Have you ever had one of those moments where the lighting hits something in such a way that it's so marvelous that you have to stop in your tracks to take it in. The days that I shot these photos I had one of those moments. For the first set as I was walking down the stairs scouting for a location the sun lite up the corners of the stairs in a way that made my heart stop. In all honesty I can't logically explain it but in the mundane-ness I suddenly found a resolutely striking beauty. By the time I got my tripod out and set up the light was gone but I decided to take photos anyways so I'd be ready for the little time I would have when the sun appeared again.
I actually ended up loving the photo on the left when there was no direct light. There is an ominous soft illumination coming from the sweat of my skin that highlights my figure in this film noir like way. Then we have the photo on the right that has harsh sun light and shadows that make it look like I'm finally waking up and coming out of the darkness. I really can't decide which one I like more because the lighting transformed the meaning of each photo into something completely different despite all other factors remaining the same.
Below in this other experience lighting completely changed the photo once again. On the left the lighting is harsh but the dead palm tree leaf creates enough shade on my face to give it an old Hollywood glow and the photo. On the right the lack of lighting and high contrast makes the skin look extremely lustrous and like a painter's brush strokes, creating a much darker and poetic mood.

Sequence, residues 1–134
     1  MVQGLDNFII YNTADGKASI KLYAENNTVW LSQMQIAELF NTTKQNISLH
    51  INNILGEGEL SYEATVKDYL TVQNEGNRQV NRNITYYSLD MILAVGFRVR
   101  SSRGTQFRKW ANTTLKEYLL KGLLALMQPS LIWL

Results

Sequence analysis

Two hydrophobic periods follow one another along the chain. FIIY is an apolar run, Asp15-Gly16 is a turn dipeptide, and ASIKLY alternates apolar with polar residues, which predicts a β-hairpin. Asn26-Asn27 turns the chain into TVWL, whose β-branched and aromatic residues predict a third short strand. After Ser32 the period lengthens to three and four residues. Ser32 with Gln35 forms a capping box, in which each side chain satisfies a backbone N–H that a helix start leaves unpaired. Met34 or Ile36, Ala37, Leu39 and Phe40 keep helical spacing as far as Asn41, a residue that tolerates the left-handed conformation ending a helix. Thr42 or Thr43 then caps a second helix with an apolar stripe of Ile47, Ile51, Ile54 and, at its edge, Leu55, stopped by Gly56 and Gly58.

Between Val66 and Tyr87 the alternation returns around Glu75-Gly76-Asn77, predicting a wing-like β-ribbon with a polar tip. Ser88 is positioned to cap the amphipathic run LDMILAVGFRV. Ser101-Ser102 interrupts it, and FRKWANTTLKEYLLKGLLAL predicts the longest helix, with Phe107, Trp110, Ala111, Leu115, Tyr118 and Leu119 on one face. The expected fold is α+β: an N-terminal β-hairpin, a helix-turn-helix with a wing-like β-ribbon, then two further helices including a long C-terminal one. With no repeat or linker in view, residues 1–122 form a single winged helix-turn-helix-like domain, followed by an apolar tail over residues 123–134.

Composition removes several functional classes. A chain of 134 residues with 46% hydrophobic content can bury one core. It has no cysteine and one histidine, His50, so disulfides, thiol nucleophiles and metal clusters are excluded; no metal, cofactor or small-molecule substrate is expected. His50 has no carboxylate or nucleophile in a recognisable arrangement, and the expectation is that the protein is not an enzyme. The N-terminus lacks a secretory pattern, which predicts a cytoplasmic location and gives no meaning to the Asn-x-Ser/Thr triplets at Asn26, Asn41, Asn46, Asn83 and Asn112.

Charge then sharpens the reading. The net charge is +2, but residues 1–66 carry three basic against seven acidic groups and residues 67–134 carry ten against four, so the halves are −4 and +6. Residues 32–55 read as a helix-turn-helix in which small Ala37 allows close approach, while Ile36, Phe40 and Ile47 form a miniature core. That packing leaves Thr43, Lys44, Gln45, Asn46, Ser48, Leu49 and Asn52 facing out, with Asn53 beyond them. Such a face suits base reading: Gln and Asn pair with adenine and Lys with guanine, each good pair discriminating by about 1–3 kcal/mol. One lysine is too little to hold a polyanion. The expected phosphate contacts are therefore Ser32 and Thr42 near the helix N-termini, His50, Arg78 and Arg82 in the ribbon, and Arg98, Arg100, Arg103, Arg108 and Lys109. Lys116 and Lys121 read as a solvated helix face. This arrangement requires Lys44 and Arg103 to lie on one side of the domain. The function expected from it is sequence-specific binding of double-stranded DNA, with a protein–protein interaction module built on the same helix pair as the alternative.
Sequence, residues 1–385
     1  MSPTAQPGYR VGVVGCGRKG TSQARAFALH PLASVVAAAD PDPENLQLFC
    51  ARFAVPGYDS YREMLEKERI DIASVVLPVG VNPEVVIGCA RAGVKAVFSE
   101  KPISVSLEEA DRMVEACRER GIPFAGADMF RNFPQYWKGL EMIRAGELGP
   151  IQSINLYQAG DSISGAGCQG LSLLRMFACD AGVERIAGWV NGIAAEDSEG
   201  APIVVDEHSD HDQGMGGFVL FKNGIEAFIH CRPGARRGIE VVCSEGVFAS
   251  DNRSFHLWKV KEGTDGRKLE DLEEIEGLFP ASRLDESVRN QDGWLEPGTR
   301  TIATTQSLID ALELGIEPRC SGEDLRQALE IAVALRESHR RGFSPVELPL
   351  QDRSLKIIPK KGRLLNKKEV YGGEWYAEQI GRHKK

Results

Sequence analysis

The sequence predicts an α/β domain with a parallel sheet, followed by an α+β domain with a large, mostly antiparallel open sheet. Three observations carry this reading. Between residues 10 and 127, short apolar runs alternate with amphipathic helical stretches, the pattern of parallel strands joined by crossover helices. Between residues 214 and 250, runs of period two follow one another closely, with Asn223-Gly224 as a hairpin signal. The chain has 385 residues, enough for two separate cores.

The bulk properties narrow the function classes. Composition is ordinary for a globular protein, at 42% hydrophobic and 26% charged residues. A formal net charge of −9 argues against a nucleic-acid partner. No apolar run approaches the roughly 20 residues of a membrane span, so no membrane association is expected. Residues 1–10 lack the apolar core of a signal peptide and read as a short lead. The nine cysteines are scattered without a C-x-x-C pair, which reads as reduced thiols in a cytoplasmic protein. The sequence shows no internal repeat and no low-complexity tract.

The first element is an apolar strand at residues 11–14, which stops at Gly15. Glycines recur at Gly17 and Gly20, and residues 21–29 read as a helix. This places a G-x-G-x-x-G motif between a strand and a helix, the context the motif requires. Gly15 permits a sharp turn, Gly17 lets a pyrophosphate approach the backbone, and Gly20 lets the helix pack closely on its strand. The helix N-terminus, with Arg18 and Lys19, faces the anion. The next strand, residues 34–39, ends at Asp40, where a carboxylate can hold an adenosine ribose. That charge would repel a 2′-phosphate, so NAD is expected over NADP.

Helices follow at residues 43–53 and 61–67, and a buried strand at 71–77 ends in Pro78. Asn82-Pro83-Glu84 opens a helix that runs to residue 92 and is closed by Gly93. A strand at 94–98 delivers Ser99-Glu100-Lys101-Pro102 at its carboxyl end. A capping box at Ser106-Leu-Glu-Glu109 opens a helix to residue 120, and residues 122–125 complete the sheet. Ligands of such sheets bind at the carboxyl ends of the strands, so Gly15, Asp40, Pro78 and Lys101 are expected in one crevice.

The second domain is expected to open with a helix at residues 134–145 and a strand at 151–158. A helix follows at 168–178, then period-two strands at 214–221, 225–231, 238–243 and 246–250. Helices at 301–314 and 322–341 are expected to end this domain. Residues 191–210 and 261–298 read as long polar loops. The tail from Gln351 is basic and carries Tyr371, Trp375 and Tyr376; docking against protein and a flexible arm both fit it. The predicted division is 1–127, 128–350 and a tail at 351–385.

This predicament got me interested in researching a photographer that I consider to be a lighting master, Harry Callahan. He was known to photograph his wife Eleanor and later their daughter Barbara consistently. Everyday he would wake up early in the morning, go out to take photos and then come home and process his negatives in the evening. I was first drawn to Callahan because of his multiple exposure photos that many he made in camera however as I went through more and more of his work I was intoxicated by his eye for light.
The way it can highlight a subject and transform a photograph into a narrative about the relationship between people and things or other people. It can create metaphors about spiritual lightness and darkness, or about people and lifestyles. What is the lighting's relationship between it and everything it illuminates and how does it change the meaning of the photo? These are just things to think about when taking photos. Lighting can be an extremely powerful tool that can be used to change your photo from being interpreted as one thing to another.